Don Letts on Punk

This week McQ speaks to Don Letts – film director, DJ and overall punk icon – about the origins and the future of punk rock.

 

Letts, known for his feature documentaries The Punk Rock Movie (1977), The Clash: Westway to the World (2000) and Punk:Attitude (2005), landed a job as a DJ at The Roxy the first punk rock venue in the UK and played a key role in the London punk rock scene. Letts ran clothing store Acme Attractions on King’s Road during the mid seventies. By the mid 1970s Acme’s scene featured punk heroes such as The Sex Pistols, The Clash, Siouxsie Sioux, Patti Smith, Debbie Harry and Chrissie Hynde. ‘I thank my lucky stars that I bumped into the whole punk thing. Their DIY ethos gave me the inspiration to pick up a movie camera and reinvent myself as Don Letts the filmmaker. Most importantly it gave me and many others the chance to get involved’.

Don Letts portrait

Sniffin Glue – Don Letts

 

Letts, whose parents came to the UK from Jamaica in the 50s, describes how the London punk rock movement established itself in a poor social, economic and political environment. His relationship and response to it were immediate. ‘I first saw The Who in 1971, 14 years old, after school. It was a so-called full production rehearsal and I was 20 feet away from the band. It changed my life forever by opening a gateway to a new universe. I’ve been there ever since. It was then just a hop and a skip to seeing Bob Marley in the mid 1970s then The Sex Pistols and The Clash in the late seventies. Although these were all benchmark moments for me it was the arrival of punk rock with its DIY attitude that saved me from just being a fan. So respect to punk rock! ’

Don & Patti Smith

 

Letts actually met Vivienne Westwood and Malcolm McLaren before the movement started. It was McLaren who made him realise that everything he liked was connected: ‘He showed me things didn’t happen in isolation. There was a lineage and a tradition. He helped me join the countercultural dots.’ Letts worked down the road from their shop ‘SEX’ on Kings Road. ‘What is interesting about these two shops on Kings Road is that the UK punk rock scene really evolved around them.’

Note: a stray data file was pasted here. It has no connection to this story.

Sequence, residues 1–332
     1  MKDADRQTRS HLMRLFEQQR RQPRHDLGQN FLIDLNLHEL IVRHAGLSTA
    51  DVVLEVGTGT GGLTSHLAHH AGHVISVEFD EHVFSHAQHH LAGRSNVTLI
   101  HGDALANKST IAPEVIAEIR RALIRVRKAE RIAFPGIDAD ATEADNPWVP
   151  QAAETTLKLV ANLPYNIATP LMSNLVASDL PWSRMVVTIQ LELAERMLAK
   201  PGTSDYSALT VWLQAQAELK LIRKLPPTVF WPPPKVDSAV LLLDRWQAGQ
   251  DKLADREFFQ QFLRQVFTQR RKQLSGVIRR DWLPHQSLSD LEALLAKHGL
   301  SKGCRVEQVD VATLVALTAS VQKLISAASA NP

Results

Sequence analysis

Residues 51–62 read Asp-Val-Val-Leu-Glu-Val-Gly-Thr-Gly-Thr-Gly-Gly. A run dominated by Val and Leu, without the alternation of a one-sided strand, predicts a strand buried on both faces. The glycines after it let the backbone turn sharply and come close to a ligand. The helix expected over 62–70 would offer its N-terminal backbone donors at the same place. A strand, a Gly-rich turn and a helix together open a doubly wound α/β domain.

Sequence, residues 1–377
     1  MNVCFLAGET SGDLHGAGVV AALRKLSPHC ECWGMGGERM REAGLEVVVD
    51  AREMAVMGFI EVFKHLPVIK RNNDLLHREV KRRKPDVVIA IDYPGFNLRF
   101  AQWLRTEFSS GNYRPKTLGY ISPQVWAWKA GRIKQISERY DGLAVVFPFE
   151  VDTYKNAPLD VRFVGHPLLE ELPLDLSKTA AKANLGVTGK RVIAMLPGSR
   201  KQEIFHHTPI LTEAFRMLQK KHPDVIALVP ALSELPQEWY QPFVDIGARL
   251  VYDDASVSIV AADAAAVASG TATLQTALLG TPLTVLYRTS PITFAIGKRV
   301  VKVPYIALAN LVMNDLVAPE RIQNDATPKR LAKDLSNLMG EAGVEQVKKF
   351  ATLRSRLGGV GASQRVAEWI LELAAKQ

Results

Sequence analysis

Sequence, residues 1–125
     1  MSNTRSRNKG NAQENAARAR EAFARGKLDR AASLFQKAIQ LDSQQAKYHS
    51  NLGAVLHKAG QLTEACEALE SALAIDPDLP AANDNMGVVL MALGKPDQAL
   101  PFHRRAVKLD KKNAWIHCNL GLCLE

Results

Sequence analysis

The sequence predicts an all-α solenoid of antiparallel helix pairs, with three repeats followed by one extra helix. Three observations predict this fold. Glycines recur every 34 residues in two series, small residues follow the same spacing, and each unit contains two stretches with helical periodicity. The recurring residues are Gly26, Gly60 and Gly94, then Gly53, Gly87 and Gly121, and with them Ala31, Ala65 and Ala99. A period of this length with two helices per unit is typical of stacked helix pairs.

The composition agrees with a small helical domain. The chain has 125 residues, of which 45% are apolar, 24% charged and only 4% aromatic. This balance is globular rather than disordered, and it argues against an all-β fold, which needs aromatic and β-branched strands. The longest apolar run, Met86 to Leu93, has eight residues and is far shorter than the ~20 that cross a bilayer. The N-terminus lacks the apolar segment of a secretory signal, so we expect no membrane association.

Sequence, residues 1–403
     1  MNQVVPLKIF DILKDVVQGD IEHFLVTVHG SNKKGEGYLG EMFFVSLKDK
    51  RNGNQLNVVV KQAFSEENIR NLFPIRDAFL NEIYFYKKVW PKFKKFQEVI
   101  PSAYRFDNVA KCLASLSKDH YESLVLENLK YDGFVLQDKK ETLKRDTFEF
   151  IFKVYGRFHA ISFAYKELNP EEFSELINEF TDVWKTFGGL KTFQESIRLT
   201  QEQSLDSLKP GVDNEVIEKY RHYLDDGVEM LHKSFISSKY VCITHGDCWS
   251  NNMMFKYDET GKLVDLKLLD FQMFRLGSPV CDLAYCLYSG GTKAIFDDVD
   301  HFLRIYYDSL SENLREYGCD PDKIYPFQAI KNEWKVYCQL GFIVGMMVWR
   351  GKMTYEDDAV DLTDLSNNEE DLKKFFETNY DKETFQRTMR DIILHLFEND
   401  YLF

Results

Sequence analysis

Acme Attractions was the home for now established punk icons and signposted the multicultural way that London was heading. ‘Acme Attractions was probably the happiest period of my life because I just sat there with dark glasses on, looking cool.’

Don Letts & Jeanette Lee at Acme Attractions

ACME Attractions

 

There were two main things that brought people into Don’s shop besides the clothes. There was the music, dub reggae, and his girlfriend at the time Jeanette Lee who managed the store with him. ‘Acme was packed on the weekends. It was like party central for like-minded people that were looking for something new. The dub reggae Don played in the shop and later on as DJ at The Roxy would later influence many of the emerging bands.

 

In 1977 Letts met Bob Marley who was staying in London that year. ‘He lived in Oakley Street, around the corner from Acme and he used to pop into the store. One day I went to his place to collect some money he owed me wearing a pair of Vivienne’s bondage trousers. Bob started to take the piss saying, Don, you look like a nasty punk rocker! He’d obviously been reading all the negative press about punk in the tabloid papers. Now I might have been baby Don Letts but I stood my ground and told him he was wrong and the punk rockers were my friends ‘cause we were like-minded rebels’ before leaving in a huff. Funnily enough, two months later Bob Marley released the song called ‘Punk Reggae Party’ so I figure I got the last laugh.

Don Letts and Bob Marley